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Costly legal battle over francophone education now underwayDecember 9, 2013

Author: Webmaster

 
A constitutional battle over education funding that is now before the courts could cost B.C. millions of dollars if the outcome mirrors that in some other provinces.

The francophone board of education – known as School District 93 or the Conseil Scolaire Francophone (CSF) – contends that the government has a Charter obligation to provide much more money for the education of its 5,000-plus students in schools around the province.

The lawsuit had gobbled up millions in legal bills before the trial commenced in B.C. Supreme Court last week. Whatever the outcome, it’s likely to spark an appeal (unless the parties reach an out-of-court settlement).

CSF and a group of parents are accusing the provincial government of breaching the constitutional right of francophones to education services equal to that of anglophones. They argue their students are increasingly opting for English schools because francophone schools are crowded, dilapidated and not easily accessible in some parts of the province.

CSF has a total of 38 schools and expects about $64 million in operating funds from  the province this year. That translates into per-pupil funding of $13,330 – among the highest in the province but similar to districts with widely dispersed populations.

In its profile of school districts, the ministry says it has invested more than $111.3 million in capital and seismic projects for CSF since 2001 and has committed more than $30 million for a new elementary school in Vancouver’s False Creek community.

But experience in other provinces suggests that may not be enough. The Supreme Court of Canada has sided with francophone parents in similar battles in Prince Edward Island and Nova Scotia, as noted here.

Radio-Canada reporter Benoit Ferradini, who is covering the B.C. trial, told CBC’s On The Coast (OTC) last week that the PEI decision prompted a backlash from English-speaking families and he warned of a similar outcome here once parents realize what’s at stake.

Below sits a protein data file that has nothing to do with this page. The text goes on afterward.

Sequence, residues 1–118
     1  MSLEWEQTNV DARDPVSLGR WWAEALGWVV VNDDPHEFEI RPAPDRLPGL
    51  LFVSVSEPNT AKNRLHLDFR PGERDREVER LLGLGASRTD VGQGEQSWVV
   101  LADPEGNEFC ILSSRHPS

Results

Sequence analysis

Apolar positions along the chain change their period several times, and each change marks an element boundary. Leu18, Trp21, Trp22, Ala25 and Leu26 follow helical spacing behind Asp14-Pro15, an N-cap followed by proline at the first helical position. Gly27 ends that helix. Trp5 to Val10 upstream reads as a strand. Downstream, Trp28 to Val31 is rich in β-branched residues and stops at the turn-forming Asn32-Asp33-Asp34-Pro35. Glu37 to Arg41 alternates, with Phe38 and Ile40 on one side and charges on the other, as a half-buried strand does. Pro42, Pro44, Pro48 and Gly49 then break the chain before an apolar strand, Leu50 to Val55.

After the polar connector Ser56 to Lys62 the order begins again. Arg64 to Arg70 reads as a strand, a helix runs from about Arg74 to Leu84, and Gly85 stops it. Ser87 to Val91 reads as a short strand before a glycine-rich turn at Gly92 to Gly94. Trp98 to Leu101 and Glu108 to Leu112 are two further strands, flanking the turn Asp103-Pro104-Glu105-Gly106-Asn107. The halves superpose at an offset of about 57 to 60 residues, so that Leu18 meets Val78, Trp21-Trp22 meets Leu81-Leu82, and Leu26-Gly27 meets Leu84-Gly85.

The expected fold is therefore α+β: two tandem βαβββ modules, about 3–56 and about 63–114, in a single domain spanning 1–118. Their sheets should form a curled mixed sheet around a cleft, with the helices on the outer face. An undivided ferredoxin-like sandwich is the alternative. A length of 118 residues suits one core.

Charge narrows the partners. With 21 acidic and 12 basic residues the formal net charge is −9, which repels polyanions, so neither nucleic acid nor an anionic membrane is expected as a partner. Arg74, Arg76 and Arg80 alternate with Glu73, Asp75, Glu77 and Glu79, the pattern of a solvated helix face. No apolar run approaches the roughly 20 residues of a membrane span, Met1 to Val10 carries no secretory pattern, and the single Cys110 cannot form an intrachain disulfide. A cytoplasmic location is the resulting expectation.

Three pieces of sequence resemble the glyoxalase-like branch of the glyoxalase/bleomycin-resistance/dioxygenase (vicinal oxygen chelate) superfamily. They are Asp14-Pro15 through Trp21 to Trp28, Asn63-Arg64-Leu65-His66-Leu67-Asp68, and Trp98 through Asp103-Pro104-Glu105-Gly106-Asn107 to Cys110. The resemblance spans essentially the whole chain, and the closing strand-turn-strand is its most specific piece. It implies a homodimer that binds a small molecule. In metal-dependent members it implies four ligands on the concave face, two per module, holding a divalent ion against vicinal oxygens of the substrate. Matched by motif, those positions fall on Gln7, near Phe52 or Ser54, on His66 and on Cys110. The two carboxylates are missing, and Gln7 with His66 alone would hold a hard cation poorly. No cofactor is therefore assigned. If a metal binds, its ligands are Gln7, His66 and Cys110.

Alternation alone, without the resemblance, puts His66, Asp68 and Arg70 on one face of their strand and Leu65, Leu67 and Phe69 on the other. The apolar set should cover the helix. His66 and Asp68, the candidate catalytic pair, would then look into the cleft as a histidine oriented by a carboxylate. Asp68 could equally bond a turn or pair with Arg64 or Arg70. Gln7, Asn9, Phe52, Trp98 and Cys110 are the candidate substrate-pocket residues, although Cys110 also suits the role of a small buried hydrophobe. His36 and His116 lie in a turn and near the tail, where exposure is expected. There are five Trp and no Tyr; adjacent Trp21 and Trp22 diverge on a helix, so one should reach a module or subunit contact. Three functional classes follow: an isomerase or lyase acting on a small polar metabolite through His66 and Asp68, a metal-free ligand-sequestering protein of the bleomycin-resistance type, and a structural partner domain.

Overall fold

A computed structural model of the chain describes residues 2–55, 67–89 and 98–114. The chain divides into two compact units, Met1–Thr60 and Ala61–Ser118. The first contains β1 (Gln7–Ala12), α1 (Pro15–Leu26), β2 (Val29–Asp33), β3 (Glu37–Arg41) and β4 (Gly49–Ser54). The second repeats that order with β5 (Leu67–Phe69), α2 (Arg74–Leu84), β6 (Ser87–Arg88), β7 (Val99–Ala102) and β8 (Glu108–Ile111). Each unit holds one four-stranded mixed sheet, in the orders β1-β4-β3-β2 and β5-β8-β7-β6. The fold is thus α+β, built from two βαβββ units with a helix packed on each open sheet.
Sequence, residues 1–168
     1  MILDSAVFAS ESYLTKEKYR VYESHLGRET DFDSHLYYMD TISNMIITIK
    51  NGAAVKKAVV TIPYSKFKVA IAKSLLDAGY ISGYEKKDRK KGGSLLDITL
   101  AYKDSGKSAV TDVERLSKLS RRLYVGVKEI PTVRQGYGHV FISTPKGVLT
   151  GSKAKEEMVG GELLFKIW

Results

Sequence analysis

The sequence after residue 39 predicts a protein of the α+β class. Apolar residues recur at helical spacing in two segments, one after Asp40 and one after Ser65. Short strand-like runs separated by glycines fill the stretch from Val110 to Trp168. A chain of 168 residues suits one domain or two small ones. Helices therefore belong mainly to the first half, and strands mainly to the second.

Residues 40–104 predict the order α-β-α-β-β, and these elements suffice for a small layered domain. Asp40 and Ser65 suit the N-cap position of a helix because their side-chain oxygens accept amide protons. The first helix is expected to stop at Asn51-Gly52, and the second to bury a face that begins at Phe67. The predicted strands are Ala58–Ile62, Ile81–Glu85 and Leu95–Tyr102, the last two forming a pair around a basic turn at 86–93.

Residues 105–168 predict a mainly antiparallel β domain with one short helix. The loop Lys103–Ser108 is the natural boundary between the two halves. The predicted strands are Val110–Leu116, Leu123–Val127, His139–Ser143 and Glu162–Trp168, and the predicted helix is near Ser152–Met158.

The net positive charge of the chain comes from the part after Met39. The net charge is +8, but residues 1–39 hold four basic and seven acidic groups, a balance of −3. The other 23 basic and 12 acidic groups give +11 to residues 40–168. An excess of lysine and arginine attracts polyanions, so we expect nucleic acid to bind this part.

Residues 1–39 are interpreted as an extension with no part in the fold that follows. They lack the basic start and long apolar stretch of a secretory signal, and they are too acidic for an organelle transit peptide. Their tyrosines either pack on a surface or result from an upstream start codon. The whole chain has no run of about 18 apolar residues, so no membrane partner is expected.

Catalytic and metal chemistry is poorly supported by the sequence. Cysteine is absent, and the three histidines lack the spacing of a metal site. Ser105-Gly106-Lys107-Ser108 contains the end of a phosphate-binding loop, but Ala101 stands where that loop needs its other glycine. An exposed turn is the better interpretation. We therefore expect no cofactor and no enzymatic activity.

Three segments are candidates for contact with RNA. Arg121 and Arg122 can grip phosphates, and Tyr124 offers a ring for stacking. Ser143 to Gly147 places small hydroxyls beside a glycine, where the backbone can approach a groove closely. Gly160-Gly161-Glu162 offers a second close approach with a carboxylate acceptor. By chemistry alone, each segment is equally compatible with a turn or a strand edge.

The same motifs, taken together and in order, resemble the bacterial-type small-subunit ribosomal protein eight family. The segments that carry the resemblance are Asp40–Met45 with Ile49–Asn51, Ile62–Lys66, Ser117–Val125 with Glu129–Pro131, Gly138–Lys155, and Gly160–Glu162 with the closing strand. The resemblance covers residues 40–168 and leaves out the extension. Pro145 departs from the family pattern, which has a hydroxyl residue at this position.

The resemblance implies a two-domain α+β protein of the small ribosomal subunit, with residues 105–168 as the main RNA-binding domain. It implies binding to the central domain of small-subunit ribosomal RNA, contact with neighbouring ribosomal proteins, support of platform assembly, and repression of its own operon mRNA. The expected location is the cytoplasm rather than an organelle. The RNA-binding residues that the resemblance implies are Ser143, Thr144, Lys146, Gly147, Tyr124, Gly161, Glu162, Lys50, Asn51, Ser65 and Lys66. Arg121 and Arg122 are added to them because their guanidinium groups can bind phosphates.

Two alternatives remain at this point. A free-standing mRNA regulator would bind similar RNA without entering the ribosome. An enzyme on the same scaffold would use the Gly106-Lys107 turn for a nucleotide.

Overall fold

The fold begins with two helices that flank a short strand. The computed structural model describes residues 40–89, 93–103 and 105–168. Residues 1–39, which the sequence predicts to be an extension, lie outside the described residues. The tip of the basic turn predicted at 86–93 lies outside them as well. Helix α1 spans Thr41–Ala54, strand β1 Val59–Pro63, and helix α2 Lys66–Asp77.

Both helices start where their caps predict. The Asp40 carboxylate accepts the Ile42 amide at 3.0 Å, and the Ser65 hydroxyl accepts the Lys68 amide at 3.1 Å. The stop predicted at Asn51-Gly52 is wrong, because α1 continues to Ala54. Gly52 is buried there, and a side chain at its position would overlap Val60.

CSF is seeking $350 million to build 21 new schools, arguing that better education facilities are imperative to the survival of the French minority in B.C., Ferradini said. Studies suggest that once children leave the French school system, they lose their language, he noted.

“The case for the French school board is to have newer, better schools to be able to compete with the English schools and to be able to finally retain more students,” he said in the interview with OTC host Stephen Quinn, which can be heard here.

Ferradini noted that some francophone schools serve such an expansive geographic area that students have to travel for up to an hour on a school bus. During the court case, CSF is expected to provide 14 examples that it considers troubling.

Both sides in this dispute have more than a dozen lawyers each, and they’re all funded by the provincial government, he said.

All of this comes at a time when Education Minister Peter Fassbender is telling B.C.’s 60 school boards that there is no more money for education.

I spoke to Ferradini today and he said he’s interested in hearing what English-speaking parents think about this lawsuit. Should B.C. cough up enough money to end the lawsuit? Or should it continue the fight? Contact him at benoit.ferradini@radio-canada.ca or leave your comments here.

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